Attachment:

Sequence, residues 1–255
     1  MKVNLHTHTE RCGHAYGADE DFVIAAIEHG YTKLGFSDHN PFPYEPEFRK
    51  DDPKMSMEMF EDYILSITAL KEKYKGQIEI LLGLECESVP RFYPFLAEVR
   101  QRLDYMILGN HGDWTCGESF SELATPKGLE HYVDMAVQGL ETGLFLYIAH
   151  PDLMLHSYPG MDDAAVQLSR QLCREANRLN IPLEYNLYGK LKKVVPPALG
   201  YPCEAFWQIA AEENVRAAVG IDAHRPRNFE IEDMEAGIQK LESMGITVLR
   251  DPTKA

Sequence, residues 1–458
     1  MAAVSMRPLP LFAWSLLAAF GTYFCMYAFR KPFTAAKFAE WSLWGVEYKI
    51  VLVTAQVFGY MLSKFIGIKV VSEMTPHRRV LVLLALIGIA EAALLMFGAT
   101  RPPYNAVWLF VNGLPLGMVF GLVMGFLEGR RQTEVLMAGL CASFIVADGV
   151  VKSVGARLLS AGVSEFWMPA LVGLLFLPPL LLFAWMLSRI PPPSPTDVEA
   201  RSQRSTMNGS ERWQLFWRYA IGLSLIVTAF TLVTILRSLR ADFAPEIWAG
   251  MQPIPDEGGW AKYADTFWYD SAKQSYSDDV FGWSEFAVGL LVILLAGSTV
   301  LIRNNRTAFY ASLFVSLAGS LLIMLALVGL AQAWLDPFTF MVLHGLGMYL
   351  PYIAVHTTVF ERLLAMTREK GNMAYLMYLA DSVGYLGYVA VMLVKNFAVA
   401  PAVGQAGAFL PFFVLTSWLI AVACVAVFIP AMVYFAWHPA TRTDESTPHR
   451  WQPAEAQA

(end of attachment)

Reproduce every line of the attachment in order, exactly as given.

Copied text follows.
Sequence, residues 1–255
     1  MKVNLHTHTE RCGHAYGADE DFVIAAIEHG YTKLGFSDHN PFPYEPEFRK
    51  DDPKMSMEMF EDYILSITAL KEKYKGQIEI LLGLECESVP RFYPFLAEVR
   101  QRLDYMILGN HGDWTCGESF SELATPKGLE HYVDMAVQGL ETGLFLYIAH
   151  PDLMLHSYPG MDDAAVQLSR QLCREANRLN IPLEYNLYGK LKKVVPPALG
   201  YPCEAFWQIA AEENVRAAVG IDAHRPRNFE IEDMEAGIQK LESMGITVLR
   251  DPTKA

Sequence, residues 1–458
     1  MAAVSMRPLP LFAWSLLAAF GTYFCMYAFR KPFTAAKFAE WSLWGVEYKI
    51  VLVTAQVFGY MLSKFIGIKV VSEMTPHRRV LVLLALIGIA EAALLMFGAT
   101  RPPYNAVWLF VNGLPLGMVF GLVMGFLEGR RQTEVLMAGL CASFIVADGV
   151  VKSVGARLLS AGVSEFWMPA LVGLLFLPPL LLFAWMLSRI PPPSPTDVEA
   201  RSQRSTMNGS ERWQLFWRYA IGLSLIVTAF TLVTILRSLR ADFAPEIWAG
   251  MQPIPDEGGW AKYADTFWYD SAKQSYSDDV FGWSEFAVGL LVILLAGSTV
   301  LIRNNRTAFY ASLFVSLAGS LLIMLALVGL AQAWLDPFTF MVLHGLGMYL
   351  PYIAVHTTVF ERLLAMTREK GNMAYLMYLA DSVGYLGYVA VMLVKNFAVA
   401  PAVGQAGAFL PFFVLTSWLI AVACVAVFIP AMVYFAWHPA TRTDESTPHR
   451  WQPAEAQA